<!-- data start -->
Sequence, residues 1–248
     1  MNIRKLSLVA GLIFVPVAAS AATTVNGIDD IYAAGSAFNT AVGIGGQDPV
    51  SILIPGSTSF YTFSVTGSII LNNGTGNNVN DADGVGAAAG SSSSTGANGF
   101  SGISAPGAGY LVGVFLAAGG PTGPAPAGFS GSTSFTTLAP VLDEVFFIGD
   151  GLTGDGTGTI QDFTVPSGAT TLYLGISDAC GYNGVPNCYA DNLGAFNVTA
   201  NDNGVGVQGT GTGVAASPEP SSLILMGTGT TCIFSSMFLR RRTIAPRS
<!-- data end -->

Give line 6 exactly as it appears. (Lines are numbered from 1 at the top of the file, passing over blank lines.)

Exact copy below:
   201  NDNGVGVQGT GTGVAASPEP SSLILMGTGT TCIFSSMFLR RRTIAPRS